Many students enroll in an EFB degree program with the ultimate goal of a career in medicine, veterinary science, or other health professions. Others are focused on a career in Science Education, or want to have the necessary qualifications as a back-up plan. While these goals are very different, they share the fact that no formal undergraduate major exists, so students must take a more active role in planning their course selections. With the following guidelines, and the help of a specialized faculty advisor, this is simple to do.
Either the Environmental Biology or Biotechnology majors will prepare students for admission to a variety of professional schools in health-related areas, including human and veterinary medicine. A rigorous foundation in the basic biological sciences, calculus, physics and organic chemistry is provided by the core requirements of these majors. Potential electives include certain benchmark courses that admissions committees of professional schools frequently look for, such as comparative vertebrate anatomy and animal physiology. Pre-veterinary students will find strong supporting courses and faculty interest in vertebrate biology, and pre-medical students can pursue such relevant elective subjects as microbiology and environmental toxicology. In addition, our students take advantage of Syracuse University’s broad array of relevant courses and the fine advising, counseling and resources of their Health Professions Advisory Program. Students can earn credit for a variety of internships, such as paid or volunteer work in clinics and other professional settings.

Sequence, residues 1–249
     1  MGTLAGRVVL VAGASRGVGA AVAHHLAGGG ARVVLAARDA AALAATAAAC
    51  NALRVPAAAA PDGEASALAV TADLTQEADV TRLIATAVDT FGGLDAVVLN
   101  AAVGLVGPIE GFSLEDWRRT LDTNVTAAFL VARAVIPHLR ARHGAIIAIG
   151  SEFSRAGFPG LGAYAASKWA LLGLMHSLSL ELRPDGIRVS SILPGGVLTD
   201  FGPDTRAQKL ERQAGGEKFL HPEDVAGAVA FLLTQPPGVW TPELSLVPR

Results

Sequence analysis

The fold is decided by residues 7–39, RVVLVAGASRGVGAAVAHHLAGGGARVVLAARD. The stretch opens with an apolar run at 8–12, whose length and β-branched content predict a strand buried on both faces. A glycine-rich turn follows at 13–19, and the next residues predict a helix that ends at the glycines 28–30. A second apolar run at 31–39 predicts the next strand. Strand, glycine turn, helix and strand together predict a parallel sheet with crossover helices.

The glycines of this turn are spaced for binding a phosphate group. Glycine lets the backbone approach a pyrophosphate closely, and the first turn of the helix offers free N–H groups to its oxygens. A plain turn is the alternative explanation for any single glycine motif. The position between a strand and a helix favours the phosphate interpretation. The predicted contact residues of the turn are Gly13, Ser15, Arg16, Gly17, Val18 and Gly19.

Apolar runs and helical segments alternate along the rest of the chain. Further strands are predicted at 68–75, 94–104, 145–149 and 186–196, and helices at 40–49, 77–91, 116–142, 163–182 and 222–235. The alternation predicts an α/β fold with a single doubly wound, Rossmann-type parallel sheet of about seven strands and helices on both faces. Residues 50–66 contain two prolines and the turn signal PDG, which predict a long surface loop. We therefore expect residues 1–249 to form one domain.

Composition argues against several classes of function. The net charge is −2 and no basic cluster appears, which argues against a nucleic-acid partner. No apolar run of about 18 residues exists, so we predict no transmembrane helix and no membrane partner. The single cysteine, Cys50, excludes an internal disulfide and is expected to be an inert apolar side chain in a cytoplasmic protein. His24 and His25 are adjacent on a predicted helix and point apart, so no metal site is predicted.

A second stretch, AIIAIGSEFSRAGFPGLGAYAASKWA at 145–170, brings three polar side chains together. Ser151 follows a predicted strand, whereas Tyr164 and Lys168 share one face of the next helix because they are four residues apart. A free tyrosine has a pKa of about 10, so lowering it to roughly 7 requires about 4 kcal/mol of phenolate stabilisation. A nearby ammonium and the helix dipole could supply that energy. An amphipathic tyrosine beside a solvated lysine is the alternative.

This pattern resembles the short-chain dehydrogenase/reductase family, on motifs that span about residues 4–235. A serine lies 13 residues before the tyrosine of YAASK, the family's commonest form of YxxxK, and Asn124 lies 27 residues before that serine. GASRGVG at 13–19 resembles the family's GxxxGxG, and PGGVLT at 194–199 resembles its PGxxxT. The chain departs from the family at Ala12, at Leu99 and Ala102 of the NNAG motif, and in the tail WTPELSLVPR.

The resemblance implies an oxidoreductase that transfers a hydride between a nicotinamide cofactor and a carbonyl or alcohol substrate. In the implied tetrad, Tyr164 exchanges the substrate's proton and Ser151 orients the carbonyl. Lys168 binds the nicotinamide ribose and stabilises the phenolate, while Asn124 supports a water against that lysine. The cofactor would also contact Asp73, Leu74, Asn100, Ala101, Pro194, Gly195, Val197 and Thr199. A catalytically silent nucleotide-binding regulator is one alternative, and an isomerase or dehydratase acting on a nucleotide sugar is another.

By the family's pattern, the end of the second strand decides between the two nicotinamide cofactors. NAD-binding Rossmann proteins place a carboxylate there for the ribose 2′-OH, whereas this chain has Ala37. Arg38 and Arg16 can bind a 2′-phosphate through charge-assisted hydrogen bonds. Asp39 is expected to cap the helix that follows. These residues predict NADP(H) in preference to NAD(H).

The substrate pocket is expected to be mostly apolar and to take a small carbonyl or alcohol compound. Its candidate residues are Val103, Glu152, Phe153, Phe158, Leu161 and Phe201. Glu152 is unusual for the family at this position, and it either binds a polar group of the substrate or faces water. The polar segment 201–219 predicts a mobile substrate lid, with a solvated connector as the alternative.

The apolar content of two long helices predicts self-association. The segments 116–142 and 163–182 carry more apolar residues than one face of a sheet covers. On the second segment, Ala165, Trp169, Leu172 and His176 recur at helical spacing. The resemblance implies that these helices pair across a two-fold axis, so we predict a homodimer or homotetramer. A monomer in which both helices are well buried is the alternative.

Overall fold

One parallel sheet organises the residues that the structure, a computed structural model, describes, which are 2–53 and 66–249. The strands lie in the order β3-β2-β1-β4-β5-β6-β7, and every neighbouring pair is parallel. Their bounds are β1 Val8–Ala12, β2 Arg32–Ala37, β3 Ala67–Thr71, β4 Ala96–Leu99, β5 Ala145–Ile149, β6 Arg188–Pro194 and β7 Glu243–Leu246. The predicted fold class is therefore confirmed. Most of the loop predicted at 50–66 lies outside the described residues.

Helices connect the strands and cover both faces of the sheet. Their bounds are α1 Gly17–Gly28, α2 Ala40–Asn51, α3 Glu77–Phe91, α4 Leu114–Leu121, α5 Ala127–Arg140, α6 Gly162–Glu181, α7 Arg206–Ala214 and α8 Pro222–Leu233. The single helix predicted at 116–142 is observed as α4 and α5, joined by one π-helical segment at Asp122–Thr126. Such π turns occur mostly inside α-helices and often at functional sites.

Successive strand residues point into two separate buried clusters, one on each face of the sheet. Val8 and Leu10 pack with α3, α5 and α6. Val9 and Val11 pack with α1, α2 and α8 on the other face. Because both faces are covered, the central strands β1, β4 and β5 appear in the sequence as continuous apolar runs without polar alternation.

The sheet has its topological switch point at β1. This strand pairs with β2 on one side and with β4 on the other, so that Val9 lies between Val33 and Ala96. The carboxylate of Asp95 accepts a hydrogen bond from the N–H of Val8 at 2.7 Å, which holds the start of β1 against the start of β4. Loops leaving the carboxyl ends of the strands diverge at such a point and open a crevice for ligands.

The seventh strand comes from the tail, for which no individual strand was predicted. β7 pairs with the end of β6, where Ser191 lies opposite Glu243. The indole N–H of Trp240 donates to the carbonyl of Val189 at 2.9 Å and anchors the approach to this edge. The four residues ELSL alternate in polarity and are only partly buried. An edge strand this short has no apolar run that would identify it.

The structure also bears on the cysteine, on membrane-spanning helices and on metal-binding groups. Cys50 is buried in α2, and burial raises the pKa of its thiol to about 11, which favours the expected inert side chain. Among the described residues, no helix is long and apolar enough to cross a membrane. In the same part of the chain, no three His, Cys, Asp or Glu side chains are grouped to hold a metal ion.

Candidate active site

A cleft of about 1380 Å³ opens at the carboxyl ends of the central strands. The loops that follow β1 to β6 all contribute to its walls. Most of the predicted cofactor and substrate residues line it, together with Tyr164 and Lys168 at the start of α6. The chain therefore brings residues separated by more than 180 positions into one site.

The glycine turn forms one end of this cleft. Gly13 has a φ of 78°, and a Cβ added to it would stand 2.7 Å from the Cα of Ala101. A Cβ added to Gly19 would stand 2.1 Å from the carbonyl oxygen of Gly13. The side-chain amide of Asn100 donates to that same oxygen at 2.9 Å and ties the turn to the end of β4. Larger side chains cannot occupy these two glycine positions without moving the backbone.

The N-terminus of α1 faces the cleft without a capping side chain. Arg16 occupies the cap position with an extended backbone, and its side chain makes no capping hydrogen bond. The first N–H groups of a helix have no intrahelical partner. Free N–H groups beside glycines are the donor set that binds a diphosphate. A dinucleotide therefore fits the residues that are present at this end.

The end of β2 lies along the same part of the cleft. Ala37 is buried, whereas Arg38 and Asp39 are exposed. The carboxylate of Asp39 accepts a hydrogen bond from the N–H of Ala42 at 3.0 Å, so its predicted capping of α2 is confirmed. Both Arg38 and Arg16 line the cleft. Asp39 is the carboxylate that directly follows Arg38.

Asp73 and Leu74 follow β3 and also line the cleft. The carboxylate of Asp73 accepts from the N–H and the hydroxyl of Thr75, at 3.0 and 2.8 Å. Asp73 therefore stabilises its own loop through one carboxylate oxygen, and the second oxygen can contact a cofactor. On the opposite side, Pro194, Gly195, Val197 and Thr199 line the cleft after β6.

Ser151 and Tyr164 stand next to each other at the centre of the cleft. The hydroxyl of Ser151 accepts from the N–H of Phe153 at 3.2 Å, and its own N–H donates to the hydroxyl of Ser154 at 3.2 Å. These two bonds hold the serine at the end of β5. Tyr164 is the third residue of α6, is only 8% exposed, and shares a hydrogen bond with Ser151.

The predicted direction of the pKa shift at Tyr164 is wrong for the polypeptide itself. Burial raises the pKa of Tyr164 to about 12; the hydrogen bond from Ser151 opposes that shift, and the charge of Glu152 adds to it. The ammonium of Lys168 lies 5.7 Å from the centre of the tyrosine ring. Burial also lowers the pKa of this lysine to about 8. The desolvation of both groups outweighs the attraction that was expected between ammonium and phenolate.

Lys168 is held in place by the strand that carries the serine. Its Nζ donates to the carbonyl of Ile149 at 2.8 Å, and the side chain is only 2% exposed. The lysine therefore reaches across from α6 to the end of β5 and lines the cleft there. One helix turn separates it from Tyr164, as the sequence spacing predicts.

Faculty Advisors: Dr. Scott Turner, Dr. James Nakas
Course suggestions: In addition to fulfilling the requirements for a BS in Environmental Biology, students should have passed two semesters each of organic chemistry, calculus and physics. These courses are part of the core requirements in Biotechnology, but and it is recommended that the physics sequence be PHY 211/221 and 212/222 (these are higher-level courses, based on a knowledge of calculus). Further, students should distribute at least 19 of their upper division elective credit-hours in the manner described below.
The following elective courses are available at ESF or Syracuse University. Students should take at least four courses from this list, the particular courses to be determined in consultation with the advisor. (POI = permission of instructor)
|Course #||Course Title||Credits||Prerequisites||Offered|
|EFB 420||Internship in EFB||3-5|
|EFB 480||Principles of Animal Behavior||4||-||Spring|
|EFB 501||Introduction to Genetic Engineering||3||-||Spring|
|EFB 510||Health and Our Chemical Environment||3||-||Fall|
|EFB 561||Medical Entomology||3||EFB 352 Elements of Entomology||Spring (even)|
|FCH 530||Biochemistry I||3||2 sem organic chemistry||Fall|
|FCH 532||Biochemistry II||3||2 sem organic chemistry||Spring|
|ANT 431||Human Variation||3||-||yearly|
|ANT 432||Disease and Human Evolution||3||General Biology||yearly|
|ANT 433||Human Skeletal Anatomy||3||POI||yearly|
|ANT 455||Culture and AIDS||3||-||-|
|ANT 465||Medical Anthropology||3||POI||even|
|ANT 467||Culture and Mental Disorders||3||POI||even|
|BIO 462||Functional Animal Ecology||3||Animal Physiology||yearly|
|BIO 447||Immunology||3||Cell Biology, Genetics||yearly|
|BIO 501||Biology of Cancer||3||Cell Biology, 1 sem Organic Chemistry||yearly|
|BIO 503||Developmental Biology||3||-||Even|
|BIO 518||Endocrinology||3||Cell Biology, 1 sem Organic Chemistry||yearly|
|PSY 315||Drugs and Human Behavior||3||-||yearly|
|PSY 321||Introduction to Sensation and Perception||3||-||on demand|
|PSY 322||Human Information Processing||3||-||yearly|
|PSY 323||Brain and Behavior||3||Biopsychology or equiv, POI||yearly|
|PSY 324||Developmental Biopsychology||3||-||yearly|
|PSY 331||Laboratory in Sensation and Perception||2||Research methodology||on demand|
|PSY 332||Laboratory in Human Information Processing||2||Behavior, POI||yearly|